Remembering the French Fauves

An exhibition at Los Angeles County Museum lays to rest the clich'es about this art movement. ART: REVIEW

THE early 20th-century canvases of the French Fauves, crammed with exuberant brush work, hallucinatory color, and picturesque landscapes have long been ripe targets for an exhaustive museum examination. The Los Angeles County Museum has taken the task to hand, mounting a comprehensive, in-depth look at French Fauve art, with special emphasis on the landscape genre as the common denominator of this loose group of painters.

Titled ``The Fauve Landscape: Matisse, Braque, Derain, and Their Circle,'' this labor-intensive traveling show stays here until Dec. 30 and includes over 175 Fauve paintings culled from a prestigious roster of museums and private collections in Europe, the United States, Russia, and Japan.

The French Fauves had their rather short- lived ``moment'' in the history of art between 1905 and 1908. These artists enjoyed the distinction of shuttling into the 20th century many of the 19th-century innovations that determined the character of modern art as we know it.

The thoughtfully chosen entries and a copious, high-brow catalog bring into realistic focus a group of painters known to us mostly by a famed association and an ill famed anecdote.

The famous association is, of course, with the stellar 20th-century master, Henri Matisse, who formed the aesthetic hub of the movement and whose early works were executed in the Fauve style.

The anecdote that served to more or less emblazon the Fauve identity into popular consciousness involves the art critic Louis Vauxcelles who, on viewing a classical sculpture exhibited alongside a room full of Fauve paintings, described the experience in a 1905 art review as ``Donatello among the fauves'' - fauves meaning ``wild beasts'' in French.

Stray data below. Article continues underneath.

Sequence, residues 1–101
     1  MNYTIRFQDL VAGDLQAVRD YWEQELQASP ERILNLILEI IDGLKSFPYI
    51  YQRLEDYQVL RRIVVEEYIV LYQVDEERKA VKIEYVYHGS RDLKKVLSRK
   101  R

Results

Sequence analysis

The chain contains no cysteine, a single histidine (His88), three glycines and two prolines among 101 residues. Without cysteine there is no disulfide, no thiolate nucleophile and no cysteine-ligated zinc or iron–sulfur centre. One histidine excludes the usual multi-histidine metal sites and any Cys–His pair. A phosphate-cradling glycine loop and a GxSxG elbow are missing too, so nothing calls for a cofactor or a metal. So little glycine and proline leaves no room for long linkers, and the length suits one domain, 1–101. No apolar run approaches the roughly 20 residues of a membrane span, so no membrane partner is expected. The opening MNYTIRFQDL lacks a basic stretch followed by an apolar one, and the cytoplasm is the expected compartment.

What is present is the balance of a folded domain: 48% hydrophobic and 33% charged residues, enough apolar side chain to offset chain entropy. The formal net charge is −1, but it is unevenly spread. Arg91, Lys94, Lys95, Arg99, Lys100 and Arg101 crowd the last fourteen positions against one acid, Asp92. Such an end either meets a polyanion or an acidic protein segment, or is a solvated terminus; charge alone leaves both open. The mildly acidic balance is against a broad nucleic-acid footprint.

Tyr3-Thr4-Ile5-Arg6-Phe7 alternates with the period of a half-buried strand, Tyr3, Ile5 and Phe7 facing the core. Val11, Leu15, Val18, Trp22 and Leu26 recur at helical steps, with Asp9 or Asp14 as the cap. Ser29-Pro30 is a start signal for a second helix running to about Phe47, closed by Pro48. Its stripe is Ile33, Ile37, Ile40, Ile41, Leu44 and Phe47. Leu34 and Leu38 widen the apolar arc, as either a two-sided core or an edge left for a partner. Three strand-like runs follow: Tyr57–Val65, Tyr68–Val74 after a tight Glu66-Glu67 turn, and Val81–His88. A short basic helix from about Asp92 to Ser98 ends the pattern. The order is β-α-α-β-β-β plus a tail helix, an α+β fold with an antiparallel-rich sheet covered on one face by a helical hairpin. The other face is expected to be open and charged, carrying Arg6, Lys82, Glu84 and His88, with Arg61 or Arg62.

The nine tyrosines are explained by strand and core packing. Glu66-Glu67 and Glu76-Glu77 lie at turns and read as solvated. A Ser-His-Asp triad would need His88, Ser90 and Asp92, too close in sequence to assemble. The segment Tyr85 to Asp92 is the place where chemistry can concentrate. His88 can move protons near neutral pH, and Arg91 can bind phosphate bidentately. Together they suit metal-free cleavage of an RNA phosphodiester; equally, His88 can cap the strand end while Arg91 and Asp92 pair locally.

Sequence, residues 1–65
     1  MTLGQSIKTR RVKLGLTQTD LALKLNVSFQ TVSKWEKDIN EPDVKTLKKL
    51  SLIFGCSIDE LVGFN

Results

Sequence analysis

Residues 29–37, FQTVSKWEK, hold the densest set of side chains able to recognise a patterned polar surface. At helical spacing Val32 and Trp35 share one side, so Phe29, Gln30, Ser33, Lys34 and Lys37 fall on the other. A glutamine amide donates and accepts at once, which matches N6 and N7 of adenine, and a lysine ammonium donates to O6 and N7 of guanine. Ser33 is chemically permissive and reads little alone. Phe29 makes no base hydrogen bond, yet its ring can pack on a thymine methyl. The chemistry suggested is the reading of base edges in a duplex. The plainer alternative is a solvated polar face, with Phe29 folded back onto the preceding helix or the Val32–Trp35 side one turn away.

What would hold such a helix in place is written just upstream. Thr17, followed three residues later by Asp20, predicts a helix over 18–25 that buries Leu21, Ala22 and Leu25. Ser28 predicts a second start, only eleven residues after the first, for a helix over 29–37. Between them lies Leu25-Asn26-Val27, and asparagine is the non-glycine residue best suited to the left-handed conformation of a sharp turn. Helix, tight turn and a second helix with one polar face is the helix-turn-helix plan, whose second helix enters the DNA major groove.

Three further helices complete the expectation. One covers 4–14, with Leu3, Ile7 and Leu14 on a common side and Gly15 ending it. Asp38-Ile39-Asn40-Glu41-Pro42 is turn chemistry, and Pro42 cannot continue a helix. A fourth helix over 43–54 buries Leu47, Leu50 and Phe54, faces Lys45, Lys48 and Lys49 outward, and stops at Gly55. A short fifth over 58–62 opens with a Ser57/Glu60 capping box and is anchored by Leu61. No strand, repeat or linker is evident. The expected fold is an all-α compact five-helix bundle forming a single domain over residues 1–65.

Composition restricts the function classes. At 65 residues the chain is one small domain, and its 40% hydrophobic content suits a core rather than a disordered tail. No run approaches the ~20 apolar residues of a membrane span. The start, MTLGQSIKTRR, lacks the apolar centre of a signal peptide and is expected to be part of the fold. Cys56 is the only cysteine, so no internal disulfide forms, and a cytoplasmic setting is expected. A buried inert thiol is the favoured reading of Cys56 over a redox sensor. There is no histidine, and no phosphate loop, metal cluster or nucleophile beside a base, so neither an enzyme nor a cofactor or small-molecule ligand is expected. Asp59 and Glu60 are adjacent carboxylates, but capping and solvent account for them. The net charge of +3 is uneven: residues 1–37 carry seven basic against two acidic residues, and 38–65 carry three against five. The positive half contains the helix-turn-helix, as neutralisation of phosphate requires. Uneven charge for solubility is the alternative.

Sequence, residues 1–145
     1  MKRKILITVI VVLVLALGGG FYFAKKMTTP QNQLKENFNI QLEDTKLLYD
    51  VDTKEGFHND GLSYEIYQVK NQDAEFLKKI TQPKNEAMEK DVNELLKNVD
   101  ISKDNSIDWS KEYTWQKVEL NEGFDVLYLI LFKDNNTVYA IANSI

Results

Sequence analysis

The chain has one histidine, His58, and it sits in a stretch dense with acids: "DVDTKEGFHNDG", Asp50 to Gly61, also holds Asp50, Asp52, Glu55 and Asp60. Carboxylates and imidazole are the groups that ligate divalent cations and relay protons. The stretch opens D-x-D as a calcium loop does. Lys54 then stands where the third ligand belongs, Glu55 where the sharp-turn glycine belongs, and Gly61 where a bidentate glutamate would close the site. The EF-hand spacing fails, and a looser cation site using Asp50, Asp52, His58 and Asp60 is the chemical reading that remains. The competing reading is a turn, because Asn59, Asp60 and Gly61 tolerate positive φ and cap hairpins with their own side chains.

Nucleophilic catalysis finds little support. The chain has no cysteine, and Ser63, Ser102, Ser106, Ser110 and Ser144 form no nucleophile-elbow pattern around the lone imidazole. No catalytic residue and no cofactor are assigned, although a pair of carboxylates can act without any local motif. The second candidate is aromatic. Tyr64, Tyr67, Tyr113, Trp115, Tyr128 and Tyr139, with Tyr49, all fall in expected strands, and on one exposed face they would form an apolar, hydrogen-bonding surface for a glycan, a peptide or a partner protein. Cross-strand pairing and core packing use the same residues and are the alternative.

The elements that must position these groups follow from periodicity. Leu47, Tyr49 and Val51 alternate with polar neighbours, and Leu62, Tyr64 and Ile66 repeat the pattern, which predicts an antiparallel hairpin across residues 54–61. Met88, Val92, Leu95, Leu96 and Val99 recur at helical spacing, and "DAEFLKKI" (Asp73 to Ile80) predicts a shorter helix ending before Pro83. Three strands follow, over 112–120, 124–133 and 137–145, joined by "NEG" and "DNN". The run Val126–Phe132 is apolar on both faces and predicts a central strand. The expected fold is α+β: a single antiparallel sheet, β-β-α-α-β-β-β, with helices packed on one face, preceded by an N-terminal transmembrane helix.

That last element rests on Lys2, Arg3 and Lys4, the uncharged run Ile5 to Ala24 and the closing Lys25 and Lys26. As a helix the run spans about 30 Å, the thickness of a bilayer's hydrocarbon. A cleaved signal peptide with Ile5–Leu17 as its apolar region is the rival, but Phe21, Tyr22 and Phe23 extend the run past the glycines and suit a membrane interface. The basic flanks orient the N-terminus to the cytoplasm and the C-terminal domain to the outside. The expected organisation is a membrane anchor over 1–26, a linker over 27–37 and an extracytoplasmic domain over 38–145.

For nearly eight decades, this reference to the ``fauves'' has stuck. Not necessarily because wildness was an accurate or thought out description of the artists or their work, but rather because by 1905 a proper and programmatic degree of outrage by critics and public was (and remains) part of the avant-garde phenomenon.

On the basis of a hasty epithet codified by the turn of the century art press we have formed a conception of Fauve artists as raucous revolutionaries bent on making purposely outrageous art.

This exhibition lays that clich'e and a host of others definitively to rest. It astutely expands our exposure to the many artists working in the Fauve style, making it clear that Matisse may have formed the movement's nucleus but not necessarily its exclusive point of origin.

Alongside primary Fauves like Matisse, Andr'e Derain, and Maurice de Vlamink, the show treats viewers to a rare look at lesser-known, often equally inspired Fauves such as George Braque (who we tend to associate only with Cubism), Raoul Dufy, Charles Camoin, Othon Friez.